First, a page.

Once upon a time in France lived a man and his sweet natured girl child. Both were in grief over the death of the mother, yet the father married again. His second wife had two daughters, proud and ill natured. Before long, the sweet girl had been reduced to servant wench, scouring and cleaning and sewing and cooking from morning till night. Then she would "sit in the chimney corner among the ashes and embers for warmth and because of this she was called Cinderella. " The years passed and the three sisters grew to be young ladies. News came that the king's son was giving a ball "to which all persons of fashion were invited." Cinderella longed to go and her step mother and sisters laughed rudely at the idea of it. The carriage bore them away in their finery and the poor girl was left to watch them go. Alone at last, she could stand it no more, and burst into tears. At that very moment her fairy godmother appeared beside her and asked why she cried so bitterly? The wish of wanting to dance and be beautiful was shared and the old lady said, " Well, you are a good girl and I shall see to it. Go into the garden and fetch me a pumpkin." This was brought and was scooped out to become a golden carriage. Next came six mice from the trap. The fairy godmother tapped each with her wand and they became " a team of six dapple gray carriage horses." A fat rat was transformed into a "jolly coachman with splendid mustaches" and six dazzled lizards at once were changed into foot men in stylish livery. "There now" said the fairygodmother, as though all were ready. But Cinderella asked politely for some new clothes as well. With a tap "her rags became a beautiful ball gown made of cloth of gold and silver, and all sparkling with jewels". For her feet a pair of " exquisite little glass slippers."Cinderella goes to the ball, though the warning about the magic wearing off at midnight rings in her ears. Yet she heeds the time, and when the clock strike eleven and three quarters, she runs home. The fairy godmother is waiting for her, and Cinderella thanks her prettily. Then she asks to be allowed to go again, as the second half of the party will happen the following night. Permission is granted, the magic is repeated, and again Cinderella has the prince's eyes glued to her the whole evening. And now she forgets the time! As the clock strikes midnight she runs, losing a slipper on the palace stairs. Fleeing the royal grounds, her clothes once again become rags. She sneaks into the house with moments to spare before her sisters are home, breathless with excitement over the news. The king's son has fallen in love with a mysterious princess who has lost a glass slipper! He will marry the girl who can wear the shoe,and his messengers are fanning out across the land. Every house in town is visited, with the glass slipper on a cushion. But no one can wear the shoe. Finally, they arrive at Cinderella's house. The rude sisters push and shove and try to cram their feet into the pretty little shoe. But their feet are too big. Noticing the dusty girl in the corner, the Chamberlain decides that she is pretty enough to have a turn, and so allows her, ashy though she is, to try the shoe on. It fits "as perfectly as if it had been molded to her foot in wax. " And now the fairy godmother appears again, taps Cinderella, and the lovely dress is upon her shoulders. The stepsisters curtsy to Cinderella, as she is led away to marry the King's Son. And then Cinderella "who was as good as she was beautiful, brought her sisters to the palace , and soon married them to two noblemen of the court. "( Illustrated by Hughes, S. , text by Lines. K. 1970. New York: Henry Z. Walk Inc.)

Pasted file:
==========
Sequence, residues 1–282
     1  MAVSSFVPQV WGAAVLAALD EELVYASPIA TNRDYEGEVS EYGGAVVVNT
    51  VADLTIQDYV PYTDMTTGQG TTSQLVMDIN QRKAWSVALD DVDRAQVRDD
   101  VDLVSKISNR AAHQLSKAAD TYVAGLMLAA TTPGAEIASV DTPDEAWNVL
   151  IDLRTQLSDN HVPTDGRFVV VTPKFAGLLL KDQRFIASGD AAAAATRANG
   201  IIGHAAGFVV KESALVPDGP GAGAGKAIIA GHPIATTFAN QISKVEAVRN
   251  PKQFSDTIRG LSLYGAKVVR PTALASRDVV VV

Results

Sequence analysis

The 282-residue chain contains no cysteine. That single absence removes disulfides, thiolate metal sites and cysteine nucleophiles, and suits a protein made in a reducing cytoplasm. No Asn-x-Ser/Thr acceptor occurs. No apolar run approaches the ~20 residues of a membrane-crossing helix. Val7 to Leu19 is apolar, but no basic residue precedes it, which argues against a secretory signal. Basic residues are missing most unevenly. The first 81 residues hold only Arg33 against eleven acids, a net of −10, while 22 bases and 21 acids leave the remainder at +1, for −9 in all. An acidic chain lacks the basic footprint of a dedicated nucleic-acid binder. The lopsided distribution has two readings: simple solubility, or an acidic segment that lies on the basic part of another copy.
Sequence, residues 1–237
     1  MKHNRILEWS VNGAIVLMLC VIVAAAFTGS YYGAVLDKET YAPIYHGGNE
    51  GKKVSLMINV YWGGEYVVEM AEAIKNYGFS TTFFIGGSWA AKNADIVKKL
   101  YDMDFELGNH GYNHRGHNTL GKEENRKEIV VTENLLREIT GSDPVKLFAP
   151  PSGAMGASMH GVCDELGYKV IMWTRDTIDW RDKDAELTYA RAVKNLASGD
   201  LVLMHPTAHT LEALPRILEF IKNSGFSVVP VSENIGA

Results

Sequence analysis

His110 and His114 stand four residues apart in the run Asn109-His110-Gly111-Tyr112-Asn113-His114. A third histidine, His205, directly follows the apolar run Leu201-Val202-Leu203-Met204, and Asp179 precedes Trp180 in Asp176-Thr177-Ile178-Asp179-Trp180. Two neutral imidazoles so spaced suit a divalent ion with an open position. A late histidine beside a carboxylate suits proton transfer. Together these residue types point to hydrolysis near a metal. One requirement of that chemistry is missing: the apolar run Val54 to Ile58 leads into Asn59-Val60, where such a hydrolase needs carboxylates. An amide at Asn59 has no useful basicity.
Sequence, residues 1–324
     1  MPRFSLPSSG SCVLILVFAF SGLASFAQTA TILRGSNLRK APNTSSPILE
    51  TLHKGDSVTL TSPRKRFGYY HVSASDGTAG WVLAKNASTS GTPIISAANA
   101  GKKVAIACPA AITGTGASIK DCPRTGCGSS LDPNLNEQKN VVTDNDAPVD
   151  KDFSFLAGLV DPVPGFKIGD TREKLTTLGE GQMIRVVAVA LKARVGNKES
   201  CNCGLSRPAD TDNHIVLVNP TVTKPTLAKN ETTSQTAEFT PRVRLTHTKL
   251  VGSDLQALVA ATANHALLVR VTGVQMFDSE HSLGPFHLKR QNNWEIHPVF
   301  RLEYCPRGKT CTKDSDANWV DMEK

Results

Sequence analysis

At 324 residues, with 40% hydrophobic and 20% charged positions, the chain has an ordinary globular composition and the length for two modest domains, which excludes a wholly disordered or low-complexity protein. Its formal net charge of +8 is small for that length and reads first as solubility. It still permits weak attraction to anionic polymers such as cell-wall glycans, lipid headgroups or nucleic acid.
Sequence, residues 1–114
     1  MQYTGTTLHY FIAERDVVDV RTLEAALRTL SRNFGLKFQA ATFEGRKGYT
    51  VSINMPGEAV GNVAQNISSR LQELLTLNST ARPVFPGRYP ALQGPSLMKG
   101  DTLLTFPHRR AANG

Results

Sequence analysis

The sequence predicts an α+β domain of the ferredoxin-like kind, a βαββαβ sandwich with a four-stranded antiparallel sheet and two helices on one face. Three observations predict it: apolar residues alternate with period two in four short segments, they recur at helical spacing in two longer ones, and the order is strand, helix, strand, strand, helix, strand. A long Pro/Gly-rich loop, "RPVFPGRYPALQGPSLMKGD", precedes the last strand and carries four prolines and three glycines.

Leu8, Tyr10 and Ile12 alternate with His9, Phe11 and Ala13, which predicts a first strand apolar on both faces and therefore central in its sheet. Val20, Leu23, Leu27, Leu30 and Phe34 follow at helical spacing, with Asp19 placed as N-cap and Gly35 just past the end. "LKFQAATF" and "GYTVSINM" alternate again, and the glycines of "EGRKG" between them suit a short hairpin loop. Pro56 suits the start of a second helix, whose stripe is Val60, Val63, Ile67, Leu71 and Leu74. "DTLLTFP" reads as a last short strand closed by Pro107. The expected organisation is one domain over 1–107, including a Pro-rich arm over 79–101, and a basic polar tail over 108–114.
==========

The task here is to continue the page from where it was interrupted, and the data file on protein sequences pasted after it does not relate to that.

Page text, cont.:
Notes: This is the version that Charles Perrault published in Paris in 1697, as part of a collection of 8 stories for children. He did not write the stories but recorded the folk version, likely ones he had grown up listening to himself. Because he was an educated man, he embellished the stories and may have changed some details; the use of a pumpkin for a coach may have been lifted from the European custom of carving large vegetable marrows into hollowed lanterns for carrying on All Hallow's Eve. The big controversy comes from the nature of the shoe here. In this version there is no mention of squeezing, binding or cutting the feet to make them fit the shoes, as there is in many others. Perrault may have cleaned this detail up for the sake of childhood innocence, or there may have been an error in translation. Was the word verre, meaning glass, substituted for vair, meaning striped, perhaps of cloth? In any case, the shoe still had to fit so Cinderella could wear it. Here the helper animals are mice, a rat and lizards. Mice are recognized as soul animals in some cultures, believed to belong to the "boreal or winter phase of Apollo" and as the unconscious personality of a human being. Lizards are also believed to represent an element of the self, an area of hidden introspection. (von Franz, Interpretation of Fairy Tales, p. 36, 63). Even though Perrault may have inserted the fairy godmother character, you've got to admit the poor kid deserved one! After all, she suffered abuse for years, yet got her work done, didn't complain about a rat for a coachman and remembered to thank her fairy godmother for a lovely evening. Not too shabby for a motherless child! And if Marie Louise von Franz is right, and mice and lizards are symbolic of aspects of the girl's own self, then maybe Cinderella helped herself after all. Give the girl a little respect.